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News ::
CIA trying it's best to get rid of old friends in Afghanistan
10 May 2002
The CIA fired a missile from an unmanned Predator spy plane Monday near the capital, Kabul, in hopes of killing Hekmatyar, U.S. defense officials said on condition of anonymity.

The Hellfire missile didn't get him but is believed to have killed some of his followers, officials said. Hekmatyar's whereabouts could not be learned Thursday.
WASHINGTON -- A former Afghan prime minister is believed to have escaped a CIA missile strike in the first known attempt to kill a factional leader suspected of plotting against the U.S.-backed government.

Though not known to be part of the Taliban or al-Qaida, Islamic leader Gulbuddin Hekmatyar was considered a fair target because he was threatening American troops and had offered rewards for their deaths, officials said Thursday.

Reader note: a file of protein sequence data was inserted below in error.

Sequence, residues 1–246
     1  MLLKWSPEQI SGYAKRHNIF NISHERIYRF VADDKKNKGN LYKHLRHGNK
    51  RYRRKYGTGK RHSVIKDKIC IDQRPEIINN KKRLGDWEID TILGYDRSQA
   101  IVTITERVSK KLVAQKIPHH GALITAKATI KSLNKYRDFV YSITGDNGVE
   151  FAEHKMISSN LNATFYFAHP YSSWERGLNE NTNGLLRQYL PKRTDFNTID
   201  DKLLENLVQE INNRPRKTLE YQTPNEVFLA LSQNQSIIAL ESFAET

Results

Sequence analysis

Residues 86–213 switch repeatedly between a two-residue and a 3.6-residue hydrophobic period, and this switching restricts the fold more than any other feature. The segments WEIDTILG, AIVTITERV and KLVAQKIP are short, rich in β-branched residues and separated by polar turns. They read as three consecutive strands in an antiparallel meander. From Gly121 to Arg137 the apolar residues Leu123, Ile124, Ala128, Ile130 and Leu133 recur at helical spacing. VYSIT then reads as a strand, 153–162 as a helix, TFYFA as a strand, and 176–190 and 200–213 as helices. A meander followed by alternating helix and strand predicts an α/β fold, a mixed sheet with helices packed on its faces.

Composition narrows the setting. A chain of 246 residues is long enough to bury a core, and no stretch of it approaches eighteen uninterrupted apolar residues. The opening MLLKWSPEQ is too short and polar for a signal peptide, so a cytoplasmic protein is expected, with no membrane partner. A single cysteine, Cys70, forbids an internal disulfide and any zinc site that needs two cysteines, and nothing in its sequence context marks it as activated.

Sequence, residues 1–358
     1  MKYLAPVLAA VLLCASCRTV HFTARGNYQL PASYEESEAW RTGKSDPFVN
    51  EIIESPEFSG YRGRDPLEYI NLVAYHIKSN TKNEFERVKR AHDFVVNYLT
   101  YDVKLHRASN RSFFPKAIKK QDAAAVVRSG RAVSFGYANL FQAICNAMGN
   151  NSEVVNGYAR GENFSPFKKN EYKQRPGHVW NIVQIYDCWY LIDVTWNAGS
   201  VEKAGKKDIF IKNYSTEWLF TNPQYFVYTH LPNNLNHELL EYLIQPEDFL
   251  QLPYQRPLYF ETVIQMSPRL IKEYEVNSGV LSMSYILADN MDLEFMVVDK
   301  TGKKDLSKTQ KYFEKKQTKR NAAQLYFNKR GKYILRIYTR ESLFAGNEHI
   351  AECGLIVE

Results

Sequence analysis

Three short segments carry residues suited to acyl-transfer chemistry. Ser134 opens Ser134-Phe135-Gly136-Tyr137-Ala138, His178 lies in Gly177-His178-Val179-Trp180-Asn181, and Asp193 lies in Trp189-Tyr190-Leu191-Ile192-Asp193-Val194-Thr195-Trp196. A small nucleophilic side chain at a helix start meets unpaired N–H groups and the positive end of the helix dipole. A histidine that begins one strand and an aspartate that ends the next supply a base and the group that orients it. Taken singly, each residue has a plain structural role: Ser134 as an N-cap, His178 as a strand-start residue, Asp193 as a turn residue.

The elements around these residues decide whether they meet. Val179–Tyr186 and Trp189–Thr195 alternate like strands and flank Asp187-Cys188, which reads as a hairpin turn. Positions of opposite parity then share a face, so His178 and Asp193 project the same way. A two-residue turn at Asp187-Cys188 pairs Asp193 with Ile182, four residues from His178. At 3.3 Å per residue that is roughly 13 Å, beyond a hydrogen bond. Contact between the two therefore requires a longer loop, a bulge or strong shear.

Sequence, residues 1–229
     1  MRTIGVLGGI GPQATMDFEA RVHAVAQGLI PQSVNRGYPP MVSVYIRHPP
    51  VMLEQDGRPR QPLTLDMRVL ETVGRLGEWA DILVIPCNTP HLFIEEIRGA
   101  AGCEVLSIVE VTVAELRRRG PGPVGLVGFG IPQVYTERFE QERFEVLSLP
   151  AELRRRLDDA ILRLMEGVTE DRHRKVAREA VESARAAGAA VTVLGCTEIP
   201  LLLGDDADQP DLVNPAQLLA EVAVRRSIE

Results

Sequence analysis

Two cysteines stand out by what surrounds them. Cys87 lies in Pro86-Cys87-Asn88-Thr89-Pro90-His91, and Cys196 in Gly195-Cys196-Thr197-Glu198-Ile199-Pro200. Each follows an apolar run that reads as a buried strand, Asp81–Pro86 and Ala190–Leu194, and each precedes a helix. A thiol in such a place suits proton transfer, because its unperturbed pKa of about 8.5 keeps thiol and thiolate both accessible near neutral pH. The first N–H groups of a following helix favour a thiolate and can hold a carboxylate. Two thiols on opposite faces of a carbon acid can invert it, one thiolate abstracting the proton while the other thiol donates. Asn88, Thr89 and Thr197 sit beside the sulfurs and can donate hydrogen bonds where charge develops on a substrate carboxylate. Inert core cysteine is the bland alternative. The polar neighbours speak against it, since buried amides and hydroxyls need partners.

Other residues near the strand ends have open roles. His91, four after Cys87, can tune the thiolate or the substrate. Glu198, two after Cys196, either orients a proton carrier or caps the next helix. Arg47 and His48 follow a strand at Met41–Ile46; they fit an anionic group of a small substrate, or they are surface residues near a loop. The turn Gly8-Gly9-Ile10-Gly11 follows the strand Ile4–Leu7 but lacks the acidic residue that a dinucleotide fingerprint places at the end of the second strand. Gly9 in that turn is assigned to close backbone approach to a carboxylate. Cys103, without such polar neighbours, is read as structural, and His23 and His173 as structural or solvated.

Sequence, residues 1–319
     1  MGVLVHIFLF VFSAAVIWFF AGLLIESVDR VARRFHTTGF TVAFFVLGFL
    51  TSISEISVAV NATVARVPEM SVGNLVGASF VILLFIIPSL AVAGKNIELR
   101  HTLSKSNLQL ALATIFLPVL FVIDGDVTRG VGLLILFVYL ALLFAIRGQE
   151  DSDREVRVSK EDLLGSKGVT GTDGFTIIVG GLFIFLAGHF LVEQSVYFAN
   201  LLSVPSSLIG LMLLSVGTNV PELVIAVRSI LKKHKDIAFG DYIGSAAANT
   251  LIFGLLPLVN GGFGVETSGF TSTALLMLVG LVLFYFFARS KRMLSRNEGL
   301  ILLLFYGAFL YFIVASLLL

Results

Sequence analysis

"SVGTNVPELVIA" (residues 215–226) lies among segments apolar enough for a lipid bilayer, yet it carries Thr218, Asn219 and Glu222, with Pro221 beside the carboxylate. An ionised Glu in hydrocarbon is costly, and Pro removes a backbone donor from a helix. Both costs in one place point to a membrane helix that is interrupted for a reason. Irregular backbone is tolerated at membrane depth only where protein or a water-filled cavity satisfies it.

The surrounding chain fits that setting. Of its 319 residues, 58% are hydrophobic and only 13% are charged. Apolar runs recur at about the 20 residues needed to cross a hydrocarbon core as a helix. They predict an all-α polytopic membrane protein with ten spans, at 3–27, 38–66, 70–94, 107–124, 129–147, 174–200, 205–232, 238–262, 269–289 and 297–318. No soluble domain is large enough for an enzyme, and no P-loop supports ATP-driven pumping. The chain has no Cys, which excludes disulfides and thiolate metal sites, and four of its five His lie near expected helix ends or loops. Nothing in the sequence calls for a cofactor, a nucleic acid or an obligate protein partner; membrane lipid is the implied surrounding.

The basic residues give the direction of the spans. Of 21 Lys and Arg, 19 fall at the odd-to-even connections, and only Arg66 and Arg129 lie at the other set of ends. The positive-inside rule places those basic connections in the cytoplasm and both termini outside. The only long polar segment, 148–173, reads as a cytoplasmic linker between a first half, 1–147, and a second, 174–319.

"I can assure you when we go after individuals in the theater of war, it is because they intend to do some harm to America," President Bush said.

The CIA fired a missile from an unmanned Predator spy plane Monday near the capital, Kabul, in hopes of killing Hekmatyar, U.S. defense officials said on condition of anonymity.

The Hellfire missile didn't get him but is believed to have killed some of his followers, officials said. Hekmatyar's whereabouts could not be learned Thursday.

"Hekmatyar is somewhere in Afghanistan but we don't know in which area he is living," said Qutbuddin Hilal, a senior member of his hardline Hezb-e-Islami party living in Peshawar, Pakistan.

Hilal denied that the group was plotting an attack on Afghanistan's government, saying Hekmatyar supports interim leader Hamid Karzai.

But Pentagon officials said there was intelligence that Hekmatyar had been making plans to strike the Afghan government, perhaps Karzai himself, and American troops in Afghanistan.

In the shifting politics of Afghanistan, Hekmatyar is a former warlord, one-time prime minister, former recipient of American military aid and current leader of a hardline Islamic group. He is thought to maintain close ties with elements of Pakistani intelligence operating without the sanction of President Pervez Musharraf.